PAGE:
Big Nate: In a Class by Himself (Big Nate Series #1)

Big Nate: In a Class by Himself (Big Nate Series #1)

4.3 76
by Lincoln Peirce
     
 

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For fans of the hilarious Diary of a Wimpy Kid series: Get ready to meet Big Nate! In the first novel in the New York Times bestselling series, Big Nate is in a class by himself!

Nate knows he’s meant for big things. REALLY big things. But things don’t always go your way just because you’re awesome. Nate barely survives his

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Overview

For fans of the hilarious Diary of a Wimpy Kid series: Get ready to meet Big Nate! In the first novel in the New York Times bestselling series, Big Nate is in a class by himself!

Nate knows he’s meant for big things. REALLY big things. But things don’t always go your way just because you’re awesome. Nate barely survives his dad’s toxic oatmeal before rushing off to school—minus his lunch. He body slams the no-nonsense principal. He accidentally insults his least favorite teacher, the horrifying Mrs. Godfrey (aka Godzilla). And school has barely started!

Trouble always seems to find him, but Nate keeps his cool. He knows he’s destined for greatness. A fortune cookie told him so.

Here comes BIG NATE, accidental mischief maker and definitely NOT the teacher’s pet. 

Editorial Reviews

Booklist
“Nate’s persistent good cheer and moxie make him a likeable new proxy for young misfits.”
Horn Book (starred review)
“Many laugh-out-loud moments...There is so much to like here...The millions of Wimpy Kid fans will be thrilled to find another cartoon buddy to read about, this good-hearted king of detention.”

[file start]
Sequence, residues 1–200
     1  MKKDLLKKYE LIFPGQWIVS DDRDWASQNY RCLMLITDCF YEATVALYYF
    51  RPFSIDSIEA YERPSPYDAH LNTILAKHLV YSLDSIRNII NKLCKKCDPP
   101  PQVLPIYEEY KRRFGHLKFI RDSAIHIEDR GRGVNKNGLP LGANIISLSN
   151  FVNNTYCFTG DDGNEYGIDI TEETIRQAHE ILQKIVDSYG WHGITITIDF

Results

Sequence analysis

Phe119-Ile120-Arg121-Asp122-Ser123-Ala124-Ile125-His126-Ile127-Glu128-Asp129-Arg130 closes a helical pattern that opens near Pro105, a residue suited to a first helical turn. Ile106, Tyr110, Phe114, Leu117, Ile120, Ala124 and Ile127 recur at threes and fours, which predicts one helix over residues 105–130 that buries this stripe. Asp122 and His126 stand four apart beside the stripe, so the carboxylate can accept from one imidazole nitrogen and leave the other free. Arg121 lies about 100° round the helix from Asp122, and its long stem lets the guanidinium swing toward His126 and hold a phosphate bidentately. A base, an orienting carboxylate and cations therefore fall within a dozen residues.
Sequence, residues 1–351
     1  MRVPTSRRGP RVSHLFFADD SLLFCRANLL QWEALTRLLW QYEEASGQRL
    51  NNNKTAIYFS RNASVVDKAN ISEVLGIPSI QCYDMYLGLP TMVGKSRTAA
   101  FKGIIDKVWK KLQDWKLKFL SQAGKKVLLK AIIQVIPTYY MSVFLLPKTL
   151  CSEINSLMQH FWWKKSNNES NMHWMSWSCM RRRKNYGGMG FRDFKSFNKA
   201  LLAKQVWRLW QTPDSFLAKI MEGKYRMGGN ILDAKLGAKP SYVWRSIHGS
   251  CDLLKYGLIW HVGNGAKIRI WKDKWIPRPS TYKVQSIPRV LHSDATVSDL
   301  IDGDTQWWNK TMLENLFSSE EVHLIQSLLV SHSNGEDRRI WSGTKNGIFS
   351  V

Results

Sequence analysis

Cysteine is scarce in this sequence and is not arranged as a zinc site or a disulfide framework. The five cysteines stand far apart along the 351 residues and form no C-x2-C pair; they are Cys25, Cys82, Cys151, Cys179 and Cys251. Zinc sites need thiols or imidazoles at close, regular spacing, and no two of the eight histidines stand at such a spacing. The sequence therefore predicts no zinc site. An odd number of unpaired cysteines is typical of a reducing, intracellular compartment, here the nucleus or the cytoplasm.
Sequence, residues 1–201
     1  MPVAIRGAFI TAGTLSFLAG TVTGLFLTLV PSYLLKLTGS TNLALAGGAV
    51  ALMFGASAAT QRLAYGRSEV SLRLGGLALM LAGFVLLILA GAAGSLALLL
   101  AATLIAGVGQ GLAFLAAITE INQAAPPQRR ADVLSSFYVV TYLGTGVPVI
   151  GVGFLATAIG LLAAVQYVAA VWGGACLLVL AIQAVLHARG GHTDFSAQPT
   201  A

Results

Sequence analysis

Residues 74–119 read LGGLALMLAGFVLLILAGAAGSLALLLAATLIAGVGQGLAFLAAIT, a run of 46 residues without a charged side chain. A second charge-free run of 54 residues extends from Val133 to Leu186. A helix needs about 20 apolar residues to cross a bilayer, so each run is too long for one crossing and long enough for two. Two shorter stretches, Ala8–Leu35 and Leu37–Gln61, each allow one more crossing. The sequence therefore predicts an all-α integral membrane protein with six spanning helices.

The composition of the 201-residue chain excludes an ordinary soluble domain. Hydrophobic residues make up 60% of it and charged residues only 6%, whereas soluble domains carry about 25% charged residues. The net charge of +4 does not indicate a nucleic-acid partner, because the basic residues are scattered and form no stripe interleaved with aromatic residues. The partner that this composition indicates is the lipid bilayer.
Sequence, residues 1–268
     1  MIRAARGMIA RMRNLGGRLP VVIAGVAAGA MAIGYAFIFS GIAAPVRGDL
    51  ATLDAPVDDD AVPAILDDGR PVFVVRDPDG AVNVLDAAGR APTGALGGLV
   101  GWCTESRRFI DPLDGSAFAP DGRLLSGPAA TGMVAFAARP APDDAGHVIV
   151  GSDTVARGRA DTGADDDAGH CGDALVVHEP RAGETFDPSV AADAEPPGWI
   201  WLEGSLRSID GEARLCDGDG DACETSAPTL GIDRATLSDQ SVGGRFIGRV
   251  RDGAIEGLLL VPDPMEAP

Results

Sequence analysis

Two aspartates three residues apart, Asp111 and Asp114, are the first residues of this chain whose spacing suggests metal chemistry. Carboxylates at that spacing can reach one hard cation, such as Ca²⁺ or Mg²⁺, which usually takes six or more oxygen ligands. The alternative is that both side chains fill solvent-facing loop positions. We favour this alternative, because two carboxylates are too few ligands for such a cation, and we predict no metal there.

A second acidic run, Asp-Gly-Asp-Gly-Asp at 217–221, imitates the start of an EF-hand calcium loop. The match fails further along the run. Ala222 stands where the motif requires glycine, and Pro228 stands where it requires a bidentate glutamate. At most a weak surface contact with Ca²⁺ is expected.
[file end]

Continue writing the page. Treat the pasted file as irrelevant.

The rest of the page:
Bulletin of the Center for Children’s Books
“Fans of Diary of a Wimpy Kid, or of Nate himself will savor P.S. 38’s most beleaguered hero.What carries the day are the zany illustrations and unflagging enthusiasm of Nate himself.”
The Horn Book (starred review)
Praise for BIG NATE STRIKES AGAIN: “The millions of Wimpy Kid fans will be thrilled to find another cartoon buddy to read about, this good-hearted king of detention.”
The Horn Book
Praise for BIG NATE ON A ROLL: “Nate is often compared to Jeff Kinney’s Wimpy Kid and will appeal to the same audience, he bears more resemblance to the tricksters of folklore...the interplay between text and pictures remains fresh, as does the distinction between Peirce’s cartoons and Nate’s own cartoons.”
Kirkus Reviews
Sixth grader Nate Wright doesn't excel in much at P.S.38. He's not as smart as his best friend Francis nor as lamely funny as his other best friend Teddy, and he's certainly not (unfortunately) successful at everything, like his annoying older sister Ellen. So when Teddy slips Nate a fortune cookie and the fortune reads "Today you will surpass all others," Nate is stoked. Just how will he surpass all others? Every time he tries anything-like making grumpy Mr. Gavin laugh or breaking the speed-eating world record by snarfing down a mountain of slimy green beans-he ends up getting detention. This really seems more like a candidate for Worst Day Ever! Peirce skillfully and often hilariously imports his comic-strip character into a full-length story. The many comic strips, some drawn by Nate on lined paper and others featuring him as a character, and copious spot illustrations move the story along to a conclusion some may see coming but all will enjoy. Perfect for fans of Jeff Kinney's Wimpy Kid. Thank goodness sequels are planned. Final art not seen. (Graphic/fiction hybrid. 7-11)
Publishers Weekly